“Religion Without God”http://www.nytimes.com/2014/12/25/opinion/religion-without-god.html

This article hit close to home for me and I appreciated it. It seemed like an indictment on the church and on all religions that claim to have something special. I will quote a couple lines and respond in turn:

She says, “Unitarianism emerged in early modern Europe from those who rejected a Trinitarian theology in preference for the doctrine that God was one.”

It seems like Unitarians started as a more inclusivistic group then strayed from doctrinal norms connected to orthodox Christianity. However, they started disbelieving and now are comprised of naturalists and atheists. How could a group who believed in One God now believe in none? I do not have room in this message to refute the claim that the trinity is false. However, I will say that the Bible affirms both that God is one and that Jesus is God along with the Holy Spirit. The reason for Trinitarian formulation is because it makes sense of what the Bible says about God. Yes, word “trinity” is not in the bible. However, neither is the word “incarnation” and that is the word we use to describe God becoming man in Jesus. The trinity is not an invention of the early Catholic Church but an inference made about God when accounting for all statements about God in the Bible.

She says, “Atheist services have sprung up around the country, even in the Bible Belt.” She then quotes a founder of Sunday Assembly, a fast growing atheist church movement, ““Singing awesome songs, hearing interesting talks, thinking about improving yourself and helping other people — and doing that in a community with wonderful relationships. Which part of that is not to like?”” Near the end of the article she states, “Much of what people actually do in church — finding fellowship, celebrating birth and marriage, remembering those we have lost, affirming the values we cherish — can be accomplished with a sense of God as metaphor, as story, or even without any mention of God at all.”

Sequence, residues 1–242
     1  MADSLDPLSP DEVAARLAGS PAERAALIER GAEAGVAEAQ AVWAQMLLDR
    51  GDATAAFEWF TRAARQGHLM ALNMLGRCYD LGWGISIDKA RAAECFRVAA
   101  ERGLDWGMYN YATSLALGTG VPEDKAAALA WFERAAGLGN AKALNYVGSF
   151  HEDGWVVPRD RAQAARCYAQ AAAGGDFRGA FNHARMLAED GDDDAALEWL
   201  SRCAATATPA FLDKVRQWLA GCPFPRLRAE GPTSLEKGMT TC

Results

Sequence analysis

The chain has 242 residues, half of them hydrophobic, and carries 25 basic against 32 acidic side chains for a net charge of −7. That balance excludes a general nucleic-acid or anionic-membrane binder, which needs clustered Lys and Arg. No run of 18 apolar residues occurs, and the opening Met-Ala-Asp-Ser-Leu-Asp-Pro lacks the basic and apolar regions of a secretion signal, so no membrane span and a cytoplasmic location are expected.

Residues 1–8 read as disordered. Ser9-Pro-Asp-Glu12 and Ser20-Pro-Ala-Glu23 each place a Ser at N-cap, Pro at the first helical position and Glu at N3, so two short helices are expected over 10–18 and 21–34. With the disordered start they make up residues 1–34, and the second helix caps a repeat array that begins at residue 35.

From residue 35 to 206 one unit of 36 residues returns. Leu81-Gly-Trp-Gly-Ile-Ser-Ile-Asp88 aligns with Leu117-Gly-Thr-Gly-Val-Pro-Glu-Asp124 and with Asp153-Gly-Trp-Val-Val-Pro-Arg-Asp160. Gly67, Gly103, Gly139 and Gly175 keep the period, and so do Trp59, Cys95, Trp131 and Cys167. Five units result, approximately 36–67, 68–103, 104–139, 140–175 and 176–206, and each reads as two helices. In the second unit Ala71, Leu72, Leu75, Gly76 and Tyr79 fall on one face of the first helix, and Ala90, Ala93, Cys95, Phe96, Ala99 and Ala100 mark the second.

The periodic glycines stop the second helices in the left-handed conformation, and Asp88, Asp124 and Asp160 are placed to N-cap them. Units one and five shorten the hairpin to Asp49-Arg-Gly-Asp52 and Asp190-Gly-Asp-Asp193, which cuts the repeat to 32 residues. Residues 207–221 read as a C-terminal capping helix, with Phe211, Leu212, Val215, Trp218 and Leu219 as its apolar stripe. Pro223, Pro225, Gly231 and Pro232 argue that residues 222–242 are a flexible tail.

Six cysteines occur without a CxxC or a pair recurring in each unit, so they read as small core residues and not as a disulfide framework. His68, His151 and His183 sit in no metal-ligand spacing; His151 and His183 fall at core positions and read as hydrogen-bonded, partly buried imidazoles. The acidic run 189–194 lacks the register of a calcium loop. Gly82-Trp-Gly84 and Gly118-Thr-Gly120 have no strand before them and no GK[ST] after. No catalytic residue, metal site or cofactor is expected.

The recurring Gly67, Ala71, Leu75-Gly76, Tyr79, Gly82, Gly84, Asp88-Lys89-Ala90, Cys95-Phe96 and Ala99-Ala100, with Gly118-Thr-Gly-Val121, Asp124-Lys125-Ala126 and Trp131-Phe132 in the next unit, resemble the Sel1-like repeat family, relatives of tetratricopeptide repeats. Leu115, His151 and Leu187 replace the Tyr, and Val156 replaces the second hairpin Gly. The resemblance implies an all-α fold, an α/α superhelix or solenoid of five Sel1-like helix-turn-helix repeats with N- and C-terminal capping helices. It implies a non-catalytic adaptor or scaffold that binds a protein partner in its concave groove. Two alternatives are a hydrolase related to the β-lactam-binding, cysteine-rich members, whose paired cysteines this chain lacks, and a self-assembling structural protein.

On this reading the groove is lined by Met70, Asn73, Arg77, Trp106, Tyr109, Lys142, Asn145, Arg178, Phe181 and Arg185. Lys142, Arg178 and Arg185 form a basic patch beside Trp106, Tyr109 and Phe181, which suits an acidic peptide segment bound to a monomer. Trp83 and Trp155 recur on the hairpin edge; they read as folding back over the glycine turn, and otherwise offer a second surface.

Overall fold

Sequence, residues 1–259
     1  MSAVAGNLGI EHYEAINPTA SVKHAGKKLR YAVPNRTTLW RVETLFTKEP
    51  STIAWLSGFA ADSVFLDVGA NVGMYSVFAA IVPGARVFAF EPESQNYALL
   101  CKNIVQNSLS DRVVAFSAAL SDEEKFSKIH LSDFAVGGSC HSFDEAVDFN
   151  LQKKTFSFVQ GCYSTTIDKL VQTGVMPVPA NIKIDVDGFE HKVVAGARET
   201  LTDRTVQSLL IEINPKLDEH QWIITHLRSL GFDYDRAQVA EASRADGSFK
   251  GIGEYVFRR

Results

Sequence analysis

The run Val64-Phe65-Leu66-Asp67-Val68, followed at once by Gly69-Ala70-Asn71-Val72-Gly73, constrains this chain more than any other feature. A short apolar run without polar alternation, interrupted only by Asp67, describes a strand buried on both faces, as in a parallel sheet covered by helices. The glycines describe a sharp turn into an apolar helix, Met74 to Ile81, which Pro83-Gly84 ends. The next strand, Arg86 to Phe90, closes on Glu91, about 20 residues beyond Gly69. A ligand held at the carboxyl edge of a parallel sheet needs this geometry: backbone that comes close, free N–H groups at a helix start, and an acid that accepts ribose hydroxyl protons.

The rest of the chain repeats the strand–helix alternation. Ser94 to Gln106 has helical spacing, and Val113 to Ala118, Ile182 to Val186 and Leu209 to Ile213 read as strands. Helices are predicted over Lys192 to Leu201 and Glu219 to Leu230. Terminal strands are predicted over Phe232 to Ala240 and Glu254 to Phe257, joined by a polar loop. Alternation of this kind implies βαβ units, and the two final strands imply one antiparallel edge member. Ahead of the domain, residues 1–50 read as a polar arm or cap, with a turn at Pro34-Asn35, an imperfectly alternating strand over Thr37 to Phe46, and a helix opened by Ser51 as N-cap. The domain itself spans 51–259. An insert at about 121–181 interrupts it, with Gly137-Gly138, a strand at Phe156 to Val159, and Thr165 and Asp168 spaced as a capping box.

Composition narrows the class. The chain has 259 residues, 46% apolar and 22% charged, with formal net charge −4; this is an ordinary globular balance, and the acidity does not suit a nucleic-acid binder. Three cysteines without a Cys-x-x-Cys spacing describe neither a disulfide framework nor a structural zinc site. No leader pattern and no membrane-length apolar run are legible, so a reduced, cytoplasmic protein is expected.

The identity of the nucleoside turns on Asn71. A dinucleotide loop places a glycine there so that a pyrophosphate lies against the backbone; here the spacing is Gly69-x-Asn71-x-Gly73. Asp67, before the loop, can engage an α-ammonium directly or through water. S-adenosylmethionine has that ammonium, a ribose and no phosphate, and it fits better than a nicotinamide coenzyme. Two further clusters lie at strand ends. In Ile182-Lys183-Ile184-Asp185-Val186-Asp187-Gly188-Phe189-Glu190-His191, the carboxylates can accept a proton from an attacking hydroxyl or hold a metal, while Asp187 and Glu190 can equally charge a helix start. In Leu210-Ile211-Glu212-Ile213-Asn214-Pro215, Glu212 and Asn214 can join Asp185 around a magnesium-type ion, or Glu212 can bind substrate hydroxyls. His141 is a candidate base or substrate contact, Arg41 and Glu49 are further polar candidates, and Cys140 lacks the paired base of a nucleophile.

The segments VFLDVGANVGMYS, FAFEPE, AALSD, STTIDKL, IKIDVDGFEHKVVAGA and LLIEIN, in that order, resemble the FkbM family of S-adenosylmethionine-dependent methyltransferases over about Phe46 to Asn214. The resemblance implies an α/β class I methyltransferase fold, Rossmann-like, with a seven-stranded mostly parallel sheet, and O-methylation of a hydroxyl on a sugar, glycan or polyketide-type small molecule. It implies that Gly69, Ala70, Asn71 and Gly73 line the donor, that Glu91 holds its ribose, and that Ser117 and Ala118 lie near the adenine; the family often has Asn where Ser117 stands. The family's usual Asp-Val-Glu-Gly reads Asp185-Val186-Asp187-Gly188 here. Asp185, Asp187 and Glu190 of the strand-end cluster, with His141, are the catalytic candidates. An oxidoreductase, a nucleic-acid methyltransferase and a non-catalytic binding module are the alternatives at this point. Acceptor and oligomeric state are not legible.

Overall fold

The proliferation atheistic church is an indictment of Christian churches. If the only thing church congregations offer is ritual and community, then there is nothing different between the two churches. It reminds me of this verse: 2 Timothy 3:1-5 “But understand this, that in the last days there will come times of difficulty. For people will be lovers of self, lovers of money, proud, arrogant, abusive, disobedient to their parents, ungrateful, unholy, heartless, unappeasable, slanderous, without self-control, brutal, not loving good, treacherous, reckless, swollen with conceit, lovers of pleasure rather than lovers of God, having the appearance of godliness, but denying its power…” This last sentence shows how people can go through the motions with “church” and still deny its power. It seems superfluous to attend a “house of God” if God is not real. It is a charade. I am not denying the practical benefits of being involved in a community of like-minded individuals and families. This type of community can help many social problems, especially if the communities promote family values and growth. Atheists see the value of church as modeled for years by theists. The fact that atheist churches exist makes me wonder what my intentions are for church. Is church today being run the way it is supposed to be run? Are Christians “doing church” for the right reasons?